Carp-tastic Fly Rambling on the Lower Magalloway, Maine

Set out on an overnight boat trip on the Lower Magalloway River starting at Wilson Mills, Maine (quick water) and ending just north of Errol, NH (wide flatwater).

In our search for trout, we failed. In the absence of them, we were able to embrace the reeling of the feisty river carp that were hanging over grass beds. Almost like sight casting, we were able to see them holding and cast woolly buggers to their immediate liking. I was surprised to see these fish rising and even more surprised to experience their spirited play on the reel. Sam caught the largest fish, peppering his stash with perch and a solitary smallmouth bass which he was very pleased with.


So we meandered down the river on day two looking for anyone willing to take a fly…hoping that we would be rewarded for our sportsmanlike adaptability and willingness to embrace the carp-copia…rewarded with one large brook trout who missed the let’s-get-to-cooler-water memo. But no such luck.

Carpe Diem….and don’t forget the s’mores.



4 replies to “Carp-tastic Fly Rambling on the Lower Magalloway, Maine

  1. Note: what you refer to as “river carp” are actually fallfish, also known as chubs.

    I feel the need to bring this up, because fallfish are native to Maine, and quite common all over the state. Fallfish are in the same family as carp- Cyprinidae, “minnows”- but the resemblance ends there. Carp are a non-native fish, and their presence in the Magalloway would be bad news. The various European and Asian carp species (like common carp, rudd, barbel, silver carp, grass carp, bighead carp, and goldfish) typically grow much bigger than fallfish, they reproduce faster, and they compete for a lot more food and territory.

    We don’t want anyone to get the idea that there would be no problem with using carp or goldfish as bait or otherwise releasing them anywhere that they could get into Maine waters, because they think that carp are already there anyway. That could lead to disaster, which is why doing so has been made illegal.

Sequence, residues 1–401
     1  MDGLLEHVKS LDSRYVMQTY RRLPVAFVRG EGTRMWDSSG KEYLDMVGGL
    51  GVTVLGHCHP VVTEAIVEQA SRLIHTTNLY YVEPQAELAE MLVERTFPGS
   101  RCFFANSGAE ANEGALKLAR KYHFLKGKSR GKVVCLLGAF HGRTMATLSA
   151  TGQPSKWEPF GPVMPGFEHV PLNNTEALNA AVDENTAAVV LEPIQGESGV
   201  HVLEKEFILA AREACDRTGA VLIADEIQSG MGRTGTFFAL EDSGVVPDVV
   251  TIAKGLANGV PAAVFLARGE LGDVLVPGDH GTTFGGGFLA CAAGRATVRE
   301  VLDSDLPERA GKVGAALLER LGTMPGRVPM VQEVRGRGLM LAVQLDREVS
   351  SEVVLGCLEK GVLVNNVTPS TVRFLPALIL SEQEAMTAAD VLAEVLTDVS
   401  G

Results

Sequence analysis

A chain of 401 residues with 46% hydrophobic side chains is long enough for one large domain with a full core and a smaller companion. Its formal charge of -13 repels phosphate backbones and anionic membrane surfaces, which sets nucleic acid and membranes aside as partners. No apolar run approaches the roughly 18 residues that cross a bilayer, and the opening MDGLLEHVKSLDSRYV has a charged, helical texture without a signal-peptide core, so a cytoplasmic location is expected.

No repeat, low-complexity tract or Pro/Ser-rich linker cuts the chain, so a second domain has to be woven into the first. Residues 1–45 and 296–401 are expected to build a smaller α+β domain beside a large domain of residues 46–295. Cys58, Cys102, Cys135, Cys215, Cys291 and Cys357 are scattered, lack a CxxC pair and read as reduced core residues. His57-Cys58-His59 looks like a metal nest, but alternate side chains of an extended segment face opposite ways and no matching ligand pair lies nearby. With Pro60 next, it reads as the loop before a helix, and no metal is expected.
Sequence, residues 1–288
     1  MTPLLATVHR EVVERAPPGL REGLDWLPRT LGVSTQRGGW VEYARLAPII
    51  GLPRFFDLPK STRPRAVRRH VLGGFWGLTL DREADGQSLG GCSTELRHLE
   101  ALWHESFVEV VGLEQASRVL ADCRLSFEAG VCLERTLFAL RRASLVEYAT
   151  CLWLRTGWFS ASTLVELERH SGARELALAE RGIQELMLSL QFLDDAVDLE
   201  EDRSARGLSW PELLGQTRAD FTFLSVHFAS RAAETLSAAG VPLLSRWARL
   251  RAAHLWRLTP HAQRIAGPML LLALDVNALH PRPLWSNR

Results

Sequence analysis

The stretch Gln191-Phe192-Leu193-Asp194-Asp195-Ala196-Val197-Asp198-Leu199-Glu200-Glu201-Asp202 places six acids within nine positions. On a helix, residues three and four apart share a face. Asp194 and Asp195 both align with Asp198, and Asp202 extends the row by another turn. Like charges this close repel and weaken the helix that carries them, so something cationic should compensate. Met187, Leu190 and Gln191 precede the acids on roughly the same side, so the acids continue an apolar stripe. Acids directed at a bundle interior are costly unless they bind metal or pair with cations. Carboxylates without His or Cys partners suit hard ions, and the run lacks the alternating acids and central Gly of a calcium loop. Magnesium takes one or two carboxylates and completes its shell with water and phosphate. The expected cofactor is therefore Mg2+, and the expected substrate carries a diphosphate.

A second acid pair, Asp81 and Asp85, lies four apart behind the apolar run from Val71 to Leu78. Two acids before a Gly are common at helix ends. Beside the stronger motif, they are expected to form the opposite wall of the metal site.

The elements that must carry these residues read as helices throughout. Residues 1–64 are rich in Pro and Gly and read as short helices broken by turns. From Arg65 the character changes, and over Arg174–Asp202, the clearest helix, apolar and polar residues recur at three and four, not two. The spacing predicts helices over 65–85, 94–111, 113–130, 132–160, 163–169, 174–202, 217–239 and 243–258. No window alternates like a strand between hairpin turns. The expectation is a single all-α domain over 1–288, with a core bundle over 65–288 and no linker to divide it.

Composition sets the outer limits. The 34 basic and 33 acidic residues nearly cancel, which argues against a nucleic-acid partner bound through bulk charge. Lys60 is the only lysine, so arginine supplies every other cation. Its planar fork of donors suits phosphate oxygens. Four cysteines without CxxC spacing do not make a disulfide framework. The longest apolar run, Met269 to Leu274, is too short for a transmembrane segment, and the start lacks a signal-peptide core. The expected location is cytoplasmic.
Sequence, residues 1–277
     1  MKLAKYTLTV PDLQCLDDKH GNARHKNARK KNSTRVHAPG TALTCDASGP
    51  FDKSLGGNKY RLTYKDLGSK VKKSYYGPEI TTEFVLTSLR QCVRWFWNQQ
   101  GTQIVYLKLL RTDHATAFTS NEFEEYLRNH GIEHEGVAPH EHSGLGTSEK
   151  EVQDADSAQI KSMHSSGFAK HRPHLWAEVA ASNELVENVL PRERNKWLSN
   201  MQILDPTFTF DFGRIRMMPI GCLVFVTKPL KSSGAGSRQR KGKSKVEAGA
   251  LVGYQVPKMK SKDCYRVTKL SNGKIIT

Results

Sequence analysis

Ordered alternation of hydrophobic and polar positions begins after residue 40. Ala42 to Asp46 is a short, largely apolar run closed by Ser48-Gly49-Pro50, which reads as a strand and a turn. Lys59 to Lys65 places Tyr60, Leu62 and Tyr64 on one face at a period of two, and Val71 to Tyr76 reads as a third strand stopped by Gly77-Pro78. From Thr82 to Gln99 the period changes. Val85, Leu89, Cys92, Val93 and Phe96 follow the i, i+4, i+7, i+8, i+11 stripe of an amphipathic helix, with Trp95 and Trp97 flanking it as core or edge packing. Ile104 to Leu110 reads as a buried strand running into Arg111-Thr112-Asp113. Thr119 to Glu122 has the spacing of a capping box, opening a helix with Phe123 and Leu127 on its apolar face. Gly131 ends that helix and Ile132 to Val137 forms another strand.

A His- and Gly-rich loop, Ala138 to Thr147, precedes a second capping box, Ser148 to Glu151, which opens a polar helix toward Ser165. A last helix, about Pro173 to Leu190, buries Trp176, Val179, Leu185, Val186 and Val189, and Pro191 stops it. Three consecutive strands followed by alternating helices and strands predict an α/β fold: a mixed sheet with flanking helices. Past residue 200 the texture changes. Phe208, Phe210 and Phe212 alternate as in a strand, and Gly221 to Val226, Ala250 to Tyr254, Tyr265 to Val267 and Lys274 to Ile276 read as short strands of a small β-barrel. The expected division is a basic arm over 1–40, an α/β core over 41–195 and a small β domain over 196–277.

fwiw, Smallmouth bass aren’t native to Maine, either, although by now they’re well established in many lakes and streams in the state. I think they’re great gamefish, and I’m happy to have them in the warmwater lake where I have a summer camp. But when it comes to coldwater trout and salmon habitat, the introduction of any new fish species is bad news- whether the species is carp, perch, pickerel, northern pike, bass, or whatever. Especially in Maine, which is the remaining home base for the brook trout and the landlocked salmon, the only two salmonid species native to inland waters east of the Misssissippi,.

    So although I rarely kill the bass that I catch, I make an exception when I find any invasive warmwater species in Maine trout and salmon habitat- like the Magalloway River. Bass have only been in the Magalloway since the 1980s or so. Whatever their size, when I get them, they don’t go back in the water.

    The chubs get to stay, though. Like the brook trout, they’re natives. And definitely not carp.

    End of finger-wagging lecture.

    1. Thanks for making the distinction. It was pretty difficult to find anything written on this as I searched on line when we returned from the trip. My nephew and I were sure they were in the carp family and assumed they might be similar to the river chub that hang out in the sandy waters of the Saco River here in NH- which are often upon first glance mistaken for “big browns”.